Updated May 15, 2023
Introduction to Natural Join in MySQL
Natural Join in MYSQL is a Join operation used in the SELECT query, to retrieve rows from two or more tables with a common column name. We must ensure the common column has the same data type in both tables. We have understood that JOIN is a cross-product with a condition, which means the output is derived from multiple tables based on the condition specified. NATURAL JOIN has this ‘condition’ pre-defined that the output is a product of common columns in all the tables under study.
The NATURAL JOIN syntax is as follows:
SELECT row_name from table_1_name NATURAL JOIN table_2_name;
Explanation: Here, we have Table 1 and Table 2. Both tables have at least one column of the same data type and the same column name. Now, the output is ‘row_name’, which can be anyone or more rows with similar values in both tables 1 and table 2. This is the simplest way of explaining the NATURAL JOIN. We can discuss this further in detail with examples. Also, note that you can use NATURAL JOIN in tables with more than one common column and scenarios with more than two columns.
How Natural Join in MySQL Work?
Let’s discuss the working of NATURAL JOIN in detail. For that, we can consider two tables as below:
Our first table, EMP, details the employee number as E_No, employee name as E_name, and employee location as Location.
SELECT * from EMP;
The second table, Dept, now has data regarding the employee number as E_No, employee department as Dept, and department name as Dept_name.
SELECT * from Dept;
Now, we need the output below: Print the names of employees with a department assigned to them.
If we do a basic analysis of the two tables EMP and Dept, we can learn that there is a common column in these two tables, E_No. But the required output says employee names, where the employee names field is taken from the EMP table. So it is clear that we need to join the two tables to get the output.
From the second table, it is also clear that only three employees have a department assigned to them, whereas there are five employees in the company. So, two employees are not assigned to any department. The two employees without departments are employees with IDs 2 and 4.
Let’s consider writing a query for the question, with normal SELECT and a where clause as below.
select EMP.E_No, EMP.E_Name from EMP, Dept where EMP.E_NO = Dept.E_No;
This SELECT query does the below function: select those employee names from the tables EMP and Dept, where the E_No from the EMP table is the same as E_No from the Dept table. This is the same output required for our query as well.
Although the above SELECT query may seem simple and easy to write, it can become more complicated and time-consuming when dealing with multiple common columns or a larger amount of data required in the output. In that case, the simple SELECT query will become more complicated.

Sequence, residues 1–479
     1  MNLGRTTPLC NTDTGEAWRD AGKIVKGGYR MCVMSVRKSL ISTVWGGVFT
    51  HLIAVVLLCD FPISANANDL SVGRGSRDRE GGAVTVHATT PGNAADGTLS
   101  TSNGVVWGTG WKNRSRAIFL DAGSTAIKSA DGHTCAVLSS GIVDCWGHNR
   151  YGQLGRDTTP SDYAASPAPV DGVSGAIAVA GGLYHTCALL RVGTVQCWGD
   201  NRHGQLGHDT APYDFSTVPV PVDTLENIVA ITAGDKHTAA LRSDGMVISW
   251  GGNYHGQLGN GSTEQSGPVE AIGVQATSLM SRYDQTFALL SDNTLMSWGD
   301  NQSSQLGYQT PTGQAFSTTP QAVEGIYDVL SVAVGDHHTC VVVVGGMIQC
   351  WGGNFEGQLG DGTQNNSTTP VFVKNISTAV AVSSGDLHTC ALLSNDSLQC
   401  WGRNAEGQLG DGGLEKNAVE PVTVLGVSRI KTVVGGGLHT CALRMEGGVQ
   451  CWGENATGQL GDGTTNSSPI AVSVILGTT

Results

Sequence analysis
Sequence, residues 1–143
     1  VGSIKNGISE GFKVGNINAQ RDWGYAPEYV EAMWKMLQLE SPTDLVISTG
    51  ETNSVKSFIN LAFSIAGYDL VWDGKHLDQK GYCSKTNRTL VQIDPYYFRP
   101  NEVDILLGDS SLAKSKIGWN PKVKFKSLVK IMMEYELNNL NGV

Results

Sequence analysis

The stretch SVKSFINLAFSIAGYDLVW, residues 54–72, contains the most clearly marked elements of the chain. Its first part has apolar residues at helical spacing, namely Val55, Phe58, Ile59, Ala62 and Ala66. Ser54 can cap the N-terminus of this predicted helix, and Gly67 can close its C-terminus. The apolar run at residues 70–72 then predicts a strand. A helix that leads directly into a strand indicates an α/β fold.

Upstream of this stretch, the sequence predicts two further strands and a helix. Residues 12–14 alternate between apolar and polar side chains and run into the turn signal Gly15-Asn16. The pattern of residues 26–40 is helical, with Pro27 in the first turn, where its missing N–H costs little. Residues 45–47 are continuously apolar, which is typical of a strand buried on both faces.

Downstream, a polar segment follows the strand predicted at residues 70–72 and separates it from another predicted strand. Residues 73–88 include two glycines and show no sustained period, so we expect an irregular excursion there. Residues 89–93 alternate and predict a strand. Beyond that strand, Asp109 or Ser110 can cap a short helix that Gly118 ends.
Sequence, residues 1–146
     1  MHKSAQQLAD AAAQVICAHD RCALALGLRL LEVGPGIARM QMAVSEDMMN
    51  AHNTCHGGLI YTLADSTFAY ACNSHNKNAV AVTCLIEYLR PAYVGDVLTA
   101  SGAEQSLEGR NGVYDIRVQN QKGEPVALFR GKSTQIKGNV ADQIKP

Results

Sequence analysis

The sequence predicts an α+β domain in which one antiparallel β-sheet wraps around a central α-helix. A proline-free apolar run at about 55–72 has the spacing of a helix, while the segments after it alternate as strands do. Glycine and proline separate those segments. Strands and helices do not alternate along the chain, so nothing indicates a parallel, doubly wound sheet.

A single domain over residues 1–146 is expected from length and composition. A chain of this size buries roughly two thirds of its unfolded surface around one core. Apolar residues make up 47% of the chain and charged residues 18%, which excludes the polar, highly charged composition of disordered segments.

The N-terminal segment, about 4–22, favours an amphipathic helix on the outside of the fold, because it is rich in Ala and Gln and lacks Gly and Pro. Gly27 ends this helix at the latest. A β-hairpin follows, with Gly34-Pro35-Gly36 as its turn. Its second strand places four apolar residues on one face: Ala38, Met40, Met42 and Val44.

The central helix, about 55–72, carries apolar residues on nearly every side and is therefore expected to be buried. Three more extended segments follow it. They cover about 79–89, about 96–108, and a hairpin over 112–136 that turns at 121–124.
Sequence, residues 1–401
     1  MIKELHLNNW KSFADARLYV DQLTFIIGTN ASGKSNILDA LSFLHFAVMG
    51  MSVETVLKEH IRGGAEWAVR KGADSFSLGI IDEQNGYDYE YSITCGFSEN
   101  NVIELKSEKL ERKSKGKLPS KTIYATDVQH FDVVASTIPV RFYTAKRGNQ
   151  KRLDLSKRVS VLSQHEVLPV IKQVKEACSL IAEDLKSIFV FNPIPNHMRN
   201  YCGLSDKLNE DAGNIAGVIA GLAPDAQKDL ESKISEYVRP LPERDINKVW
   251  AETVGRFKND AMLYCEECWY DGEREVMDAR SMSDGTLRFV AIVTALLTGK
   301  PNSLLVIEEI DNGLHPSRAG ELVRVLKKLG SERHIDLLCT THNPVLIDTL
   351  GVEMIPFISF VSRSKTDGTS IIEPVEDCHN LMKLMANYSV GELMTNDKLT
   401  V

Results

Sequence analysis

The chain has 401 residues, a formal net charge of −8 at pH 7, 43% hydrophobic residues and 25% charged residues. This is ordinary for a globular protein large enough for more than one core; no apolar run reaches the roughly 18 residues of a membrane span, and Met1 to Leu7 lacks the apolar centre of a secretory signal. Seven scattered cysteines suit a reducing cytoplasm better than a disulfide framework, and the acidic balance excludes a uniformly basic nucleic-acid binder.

As another option, INNER JOIN can also replace the NATURAL JOIN, but the condition should be specified like above. Let us also look into using INNER JOIN before we get detailed into NATURAL JOIN. The query will look like this,
SELECT EMP.E_No, EMP.E_Name from EMP INNER JOIN Dept on EMP.E_No = Dept.E_No;
This query will pick rows from the EMP table, with the field E_No the same in both EMP and Dept tables. As said above, this query will be simpler and easy to understand only on small tables with fewer columns, common columns, and data.
That is where the NATURAL JOIN is used. The operation will select the required rows based on all the common columns available. The SELECT query will look much more straightforward, also.
We discussed the scenario with a normal SELECT query using where clause and INNER JOIN. Now, let’s write the same query with a NATURAL JOIN.
SELECT E_No, E_Name from EMP NATURAL JOIN Dept;
To explain the above query, consider the two tables we discussed above. The query asks to select the employee names from the table EMP, where a NATURAL JOIN will be performed with the table Dept. We know NATURAL JOIN considers the common columns from the two tables understudy, and here Dept table and EMP table have one column with the title E_No in common. Thus, the query will select only those rows with a value in the EMP and Dept table. Looking at the tables, we can identify three rows with data in both tables. So the output will be like the below:
This explains the basic working of NATURAL JOIN in a SELECT query. You can use NATURAL JOIN in combination with the WHERE clause. Suppose, from the above tables, we need to select only Alan’s data, an employee with data in both Emp and Dept tables, and E_No as 1. The query will be as follows:
SELECT E_No, E_Name from EMP NATURAL JOIN Dept WHERE E_No = '1';
You can use NATURAL JOIN on more than two tables as well. The third table can have the common column, or it can have any other columns from either of the tables.
We have discussed in detail the working of NATURAL JOIN. To recollect, below are the main point; NATURAL JOIN gives the output as rows from two or more tables with common column names and similar data types. It is mainly used with SELECT queries. NATURAL JOIN makes the SELECT query simpler with minimal use of conditions. Make sure the common columns have the same column name and data types.
We hope that this EDUCBA information on “Natural Join in MySQL” was beneficial to you. You can view EDUCBA’s recommended articles for more information.